4.00pm - By PAUL VALLELY
The scene was the kind of thing that gives Roman Catholicism a bad name. Hundreds of thousands of people from all around the world congregated in front of St Peter's in Rome yesterday in one of the biggest crowds the Vatican has seen.
They were there to celebrate the canonisation of the controversial Capuchin friar Padre Pio, who when he was alive was regarded by the church authorities as a fake but has now been rehabilitated in an extraordinary reversal.
The heat was so sweltering that Italian civil protection squads had to sprinkle water through hoses on the assembled masses. But the crowds were not to be deterred by mere weather. After all, they were there in honour of a man who, they believe, miraculously bore the wounds of Christ in his hands, feet and side.
More than that, they say he had wrestled with the Devil in his monastery cell. He had supernatural foresight into the sins of visitors. He had the gift of "bi-location" – appearing, despite never leaving his monastery in southern Italy, in Genoa, Rome, Uruguay and even Milwaukee. And he could mend a broken window with a wave of his hand. He acquired a huge popular following.
Cheers and applause went up throughout the massive crowd when Pope John Paul II, wearing gold and white vestments, and looking exceedingly frail, proclaimed: "We include the Blessed Pio of Pietrelcina in the annals of saints and we establish that throughout the whole Church he be devotedly honoured among the saints."
In his lifetime Padre Pio, who died in 1968, was silenced by the Vatican during long investigations into 23 claims that he had faked miracles and had sex with women parishioners in the confessional box. Many in the church hierarchy doubted his stigmata were real, suggesting that he had "provoked" them with nitric acid and used eau-de-cologne to create the "odour of sanctity" his followers said surrounded him.
Reports to the Pope, in Latin, accused the monk – who frequently scourged himself with a metal-tipped whip – of "copulating with women twice a week". The modernising Pope John XXIII was said to have authorised the bugging of his confessional to check on him.
The founder of Rome's Catholic university hospital concluded Padre Pio was "an ignorant and self-mutilating psychopath who exploited people's credulity". The Vatican, deeply suspicious, banned him from saying Mass in public.
Scarcely three decades on, Padre Pio has been made a saint. The transformation is almost entirely down to one man, the present Pope, who early in his priesthood once journeyed from Poland to have his confession heard by Padre Pio. Later, when John Paul II was auxiliary bishop of Cracow, he asked the monk to pray for a female friend who had throat cancer. The woman, Wanda Polawska, was declared "inexplicably" cured 11 days later and was in Rome yesterday for the canonisation ceremony.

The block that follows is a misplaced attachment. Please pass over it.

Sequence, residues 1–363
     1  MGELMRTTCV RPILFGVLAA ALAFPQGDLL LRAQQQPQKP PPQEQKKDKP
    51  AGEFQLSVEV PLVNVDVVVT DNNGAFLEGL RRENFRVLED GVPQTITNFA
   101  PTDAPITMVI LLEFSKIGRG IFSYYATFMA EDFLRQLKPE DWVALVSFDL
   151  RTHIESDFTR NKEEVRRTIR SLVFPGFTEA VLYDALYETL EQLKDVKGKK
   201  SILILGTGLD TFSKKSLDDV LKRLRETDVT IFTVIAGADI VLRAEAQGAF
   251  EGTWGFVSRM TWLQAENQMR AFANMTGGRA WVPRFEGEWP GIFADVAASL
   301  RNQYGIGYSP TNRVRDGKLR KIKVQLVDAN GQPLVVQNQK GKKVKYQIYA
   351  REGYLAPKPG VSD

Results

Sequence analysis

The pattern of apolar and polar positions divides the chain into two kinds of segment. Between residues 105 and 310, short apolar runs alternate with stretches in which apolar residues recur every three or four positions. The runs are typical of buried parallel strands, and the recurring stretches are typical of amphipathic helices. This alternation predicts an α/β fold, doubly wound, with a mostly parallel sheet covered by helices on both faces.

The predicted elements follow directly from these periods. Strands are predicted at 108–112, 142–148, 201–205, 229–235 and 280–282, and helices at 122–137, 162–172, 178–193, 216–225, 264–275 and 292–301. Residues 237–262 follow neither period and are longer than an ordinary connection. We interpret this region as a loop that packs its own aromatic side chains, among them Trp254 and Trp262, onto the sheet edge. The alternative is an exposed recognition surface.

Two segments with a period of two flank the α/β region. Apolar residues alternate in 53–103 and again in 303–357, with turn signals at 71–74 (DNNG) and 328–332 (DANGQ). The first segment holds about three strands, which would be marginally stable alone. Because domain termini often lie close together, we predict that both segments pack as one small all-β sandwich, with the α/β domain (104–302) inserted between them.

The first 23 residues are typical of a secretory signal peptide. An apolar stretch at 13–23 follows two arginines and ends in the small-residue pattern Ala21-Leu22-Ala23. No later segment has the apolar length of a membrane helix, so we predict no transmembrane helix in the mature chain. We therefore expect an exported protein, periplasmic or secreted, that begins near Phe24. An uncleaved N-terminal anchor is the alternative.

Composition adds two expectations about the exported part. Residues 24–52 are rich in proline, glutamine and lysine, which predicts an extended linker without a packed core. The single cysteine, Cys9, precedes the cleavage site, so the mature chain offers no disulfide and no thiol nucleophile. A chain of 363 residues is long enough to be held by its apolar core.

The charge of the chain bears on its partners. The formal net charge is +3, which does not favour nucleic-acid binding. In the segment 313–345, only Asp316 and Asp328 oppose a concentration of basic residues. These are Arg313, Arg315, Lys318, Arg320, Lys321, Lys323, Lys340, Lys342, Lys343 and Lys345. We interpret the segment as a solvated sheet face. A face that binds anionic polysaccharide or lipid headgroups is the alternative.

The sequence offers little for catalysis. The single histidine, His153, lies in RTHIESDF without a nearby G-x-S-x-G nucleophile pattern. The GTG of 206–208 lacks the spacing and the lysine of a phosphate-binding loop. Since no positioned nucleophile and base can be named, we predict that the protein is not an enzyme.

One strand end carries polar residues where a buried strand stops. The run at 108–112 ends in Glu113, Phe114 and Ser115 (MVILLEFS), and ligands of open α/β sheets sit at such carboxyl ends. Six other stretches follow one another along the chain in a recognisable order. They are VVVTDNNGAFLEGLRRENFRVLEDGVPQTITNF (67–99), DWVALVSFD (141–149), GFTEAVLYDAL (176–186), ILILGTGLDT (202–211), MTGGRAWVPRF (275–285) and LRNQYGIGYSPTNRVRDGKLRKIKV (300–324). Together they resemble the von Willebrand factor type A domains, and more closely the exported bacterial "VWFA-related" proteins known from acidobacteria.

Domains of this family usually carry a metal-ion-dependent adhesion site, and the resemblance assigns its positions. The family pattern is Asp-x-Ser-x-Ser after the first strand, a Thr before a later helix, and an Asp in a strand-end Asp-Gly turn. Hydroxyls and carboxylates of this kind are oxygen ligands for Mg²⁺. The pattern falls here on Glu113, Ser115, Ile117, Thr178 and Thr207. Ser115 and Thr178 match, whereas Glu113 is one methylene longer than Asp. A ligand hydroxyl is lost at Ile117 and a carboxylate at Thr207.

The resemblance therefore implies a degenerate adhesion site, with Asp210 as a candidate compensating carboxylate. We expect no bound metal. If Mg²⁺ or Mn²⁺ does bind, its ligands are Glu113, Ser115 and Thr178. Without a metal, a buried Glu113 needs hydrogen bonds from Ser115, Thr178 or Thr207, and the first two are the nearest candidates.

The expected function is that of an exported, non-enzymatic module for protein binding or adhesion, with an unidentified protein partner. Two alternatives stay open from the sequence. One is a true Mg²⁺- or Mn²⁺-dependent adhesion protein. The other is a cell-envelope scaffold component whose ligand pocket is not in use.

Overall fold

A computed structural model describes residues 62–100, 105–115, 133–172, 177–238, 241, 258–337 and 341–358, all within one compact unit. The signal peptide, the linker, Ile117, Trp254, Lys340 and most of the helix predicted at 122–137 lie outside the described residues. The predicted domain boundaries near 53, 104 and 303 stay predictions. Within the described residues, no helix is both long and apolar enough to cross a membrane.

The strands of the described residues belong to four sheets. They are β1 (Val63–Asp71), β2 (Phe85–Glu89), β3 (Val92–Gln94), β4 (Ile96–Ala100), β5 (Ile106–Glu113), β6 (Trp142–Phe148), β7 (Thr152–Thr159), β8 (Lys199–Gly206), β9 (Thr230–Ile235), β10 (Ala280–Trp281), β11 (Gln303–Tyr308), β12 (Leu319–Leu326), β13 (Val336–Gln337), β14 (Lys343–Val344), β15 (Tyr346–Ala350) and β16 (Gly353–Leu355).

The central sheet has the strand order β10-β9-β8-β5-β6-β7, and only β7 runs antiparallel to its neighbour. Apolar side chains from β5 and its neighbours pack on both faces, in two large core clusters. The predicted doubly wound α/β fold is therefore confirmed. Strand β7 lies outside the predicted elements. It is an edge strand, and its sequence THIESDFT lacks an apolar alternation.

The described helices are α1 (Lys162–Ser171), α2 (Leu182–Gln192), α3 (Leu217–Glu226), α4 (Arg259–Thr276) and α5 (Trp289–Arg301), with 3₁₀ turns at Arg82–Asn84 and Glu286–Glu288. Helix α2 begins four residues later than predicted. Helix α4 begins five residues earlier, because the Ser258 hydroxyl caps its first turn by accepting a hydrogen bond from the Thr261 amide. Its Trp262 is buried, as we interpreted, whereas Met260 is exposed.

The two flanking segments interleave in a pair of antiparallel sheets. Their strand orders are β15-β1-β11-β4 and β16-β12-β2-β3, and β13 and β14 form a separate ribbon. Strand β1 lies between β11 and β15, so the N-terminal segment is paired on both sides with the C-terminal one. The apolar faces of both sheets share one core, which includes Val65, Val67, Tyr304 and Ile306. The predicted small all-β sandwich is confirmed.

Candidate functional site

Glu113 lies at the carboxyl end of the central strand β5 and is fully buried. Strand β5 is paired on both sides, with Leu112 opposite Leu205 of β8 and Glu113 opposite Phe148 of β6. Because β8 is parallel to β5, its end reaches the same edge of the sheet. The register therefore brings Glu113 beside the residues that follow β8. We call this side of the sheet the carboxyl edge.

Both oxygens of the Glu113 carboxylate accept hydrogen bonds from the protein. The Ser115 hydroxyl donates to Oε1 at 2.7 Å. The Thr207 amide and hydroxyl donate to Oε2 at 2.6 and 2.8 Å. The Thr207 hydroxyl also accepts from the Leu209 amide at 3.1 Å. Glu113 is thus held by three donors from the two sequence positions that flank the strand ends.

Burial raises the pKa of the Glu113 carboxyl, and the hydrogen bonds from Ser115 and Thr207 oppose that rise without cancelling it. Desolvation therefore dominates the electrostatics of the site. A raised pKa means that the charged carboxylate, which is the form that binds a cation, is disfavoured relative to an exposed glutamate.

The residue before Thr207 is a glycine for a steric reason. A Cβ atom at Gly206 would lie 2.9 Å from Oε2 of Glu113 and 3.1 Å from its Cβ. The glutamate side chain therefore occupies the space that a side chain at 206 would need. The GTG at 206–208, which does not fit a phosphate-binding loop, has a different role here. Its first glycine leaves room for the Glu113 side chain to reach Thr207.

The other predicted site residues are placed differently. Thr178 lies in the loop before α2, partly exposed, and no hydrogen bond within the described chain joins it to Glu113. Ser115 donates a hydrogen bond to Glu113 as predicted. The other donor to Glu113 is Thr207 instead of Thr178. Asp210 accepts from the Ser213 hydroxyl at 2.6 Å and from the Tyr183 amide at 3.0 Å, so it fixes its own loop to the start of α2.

Once such a U-turn would have taken Rome several centuries. But the present Pope, who has created 457 saints – more than all the popes of the previous four centuries put together – introduced a "fast-track" procedure through which Padre Pio has been propelled at record speed. Its avowed aim is to show to an increasingly secularised age that being holy in the modern world is still possible. But the procedure also has a notable bias to figures who endorse John Paul II's conservative spirituality.
The devout ordinary pilgrims at the ceremony in Rome detected no such political agenda today. They were full of anecdotes about miraculous cures and help that had come to them after praying to the bearded stigmatic who, they pronounced "has never refused a request".
And they were only too delighted to buy the Padre Pio cigarette lighters, key-rings, mugs, T-shirts and life-sized statues on sale everywhere, which are symbols of the transformation of the little town of San Giovanni Rotondo where Padre Pio's monastery is sited. The pilgrim boomtown now has a multimillion-euro economy with 8 million visitors a year – more than Lourdes, and second only to the shrine of Our Lady of Guadalupe in Mexico.
There are many in the Catholic Church who retain profound doubts about Padre Pio and the hysterical devotion to him that all too often borders on superstition. They question in particular the prudence of the speed with which he has now been made a saint.
But there was little evidence of that in Italy yesterday where little cards bearing Padre Pio's portrait were everywhere: on taxi dashboards, by shop tills, on hospital wards, and in thousands of other public and private places.
They have even been found, apparently, in the wallets of arrested members of the Mafia. The Mob, at any rate, knows a winner when it sees one.